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Geithner says toxic asset plan close to finished

Geithner says toxic asset plan close to finished

The Obama administration will unveil within the next couple of weeks its plan for dealing with the toxic assets that lie at the heart of the financial crisis, Treasury Secretary Timothy Geithner said Tuesday.
Geithner said the plan the administration has put together will provide government financing to private investors who are willing to buy the bad assets clogging banks' balance sheets. He predicted the plan will succeed but he said it will take time to resolve the crisis.
"It's going to take a lot to work through this," Geithner said in an interview Tuesday on "The Charlie Rose Show." "We start with a _ just a deep mess. ... We are going to keep at it until we fix it."
The administration believes that by getting the bad loans and other troublesome assets off banks' books, it will encourage financial institutions to resume more normal lending to consumers and businesses.
Geithner unveiled the administration's overhaul of the government's $700 billion financial rescue program on Feb. 10 but financial markets took a nosedive, with investors expressing disappointment with a lack of details, particularly on the plan to develop a public-private partnership to deal with banks' toxic assets.
In his interview Tuesday, Geithner said the plan to provide government financing for investors buying the bad assets is aimed at getting markets operating again.
"We think we can make a meaningful difference in starting to open up these markets," Geithner said. "There's capital that wants to come into the system, but just can't get financing."
While the administration has said at the moment it does not need more than the second $350 billion chunk of the bailout fund to finance its new programs, it sent Congress a budget two weeks ago that has a "place holder" for up to $750 billion more in bailout spending, an amount that would more than double the current rescue fund.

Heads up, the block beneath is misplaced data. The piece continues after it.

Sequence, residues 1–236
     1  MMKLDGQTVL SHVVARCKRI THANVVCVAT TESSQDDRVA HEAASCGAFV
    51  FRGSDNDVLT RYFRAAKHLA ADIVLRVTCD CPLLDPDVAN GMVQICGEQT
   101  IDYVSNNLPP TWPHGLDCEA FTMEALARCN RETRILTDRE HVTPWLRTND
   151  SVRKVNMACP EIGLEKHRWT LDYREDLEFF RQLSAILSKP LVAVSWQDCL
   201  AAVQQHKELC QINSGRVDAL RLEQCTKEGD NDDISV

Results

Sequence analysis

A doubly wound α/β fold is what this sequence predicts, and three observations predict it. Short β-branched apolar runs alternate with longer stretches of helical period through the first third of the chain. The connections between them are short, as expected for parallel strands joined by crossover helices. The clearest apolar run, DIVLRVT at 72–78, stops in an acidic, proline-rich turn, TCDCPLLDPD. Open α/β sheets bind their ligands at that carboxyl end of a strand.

Asked about the adverse market reaction to his Feb. 10 announcement, in which the Dow Jones industrial average plunged by 380 points, Geithner said that the plan had always been to describe in broad outline of what the administration intended to do, with the specific details coming later.
"We're going to move in the next couple weeks to lay out the precise terms of this facility," Geithner said. "People will see how it's going to operate. And then it will go into place over the following weeks and months."
Geithner said the government loans would carry interest rates that will support lending during a crisis period but not be on such favorable terms that the investors buying up the toxic assets would want to keep borrowing from the government when the economy starts to improve.
In addition to discussing the government's proposal to provide financing for private investors to purchase toxic assets, Geithner also discussed the "stress tests" that regulators are performing on the country's 19 biggest banks to see if they have sufficient resources to survive an even more severe economic downturn.
Geithner refused to call the 19 biggest banks "too big to fail" but he said if it is determined that some need "temporary assistance" from the government to get through the current economic troubles, that assistance will be provided.
"We're going to make sure (the assistance) comes with appropriately tough conditions so that they emerge stronger," Geithner said.
The billions of dollars in government support to the financial system are not being provided to protect particular banks but to prevent an even more severe recession, he said.
"We're doing it to save the American economy from the cost of more failures of viable businesses and more trauma to the average American family," he said.
At the moment, Geithner said the recession was intensifying not only in the United States but around the world.
"We start with this deepening recession, intensifying housing crisis, a deep fiscal hole in the financial system that's in some ways very damaged," he said.


Updated : 2021-07-29 08:04 GMT+08:00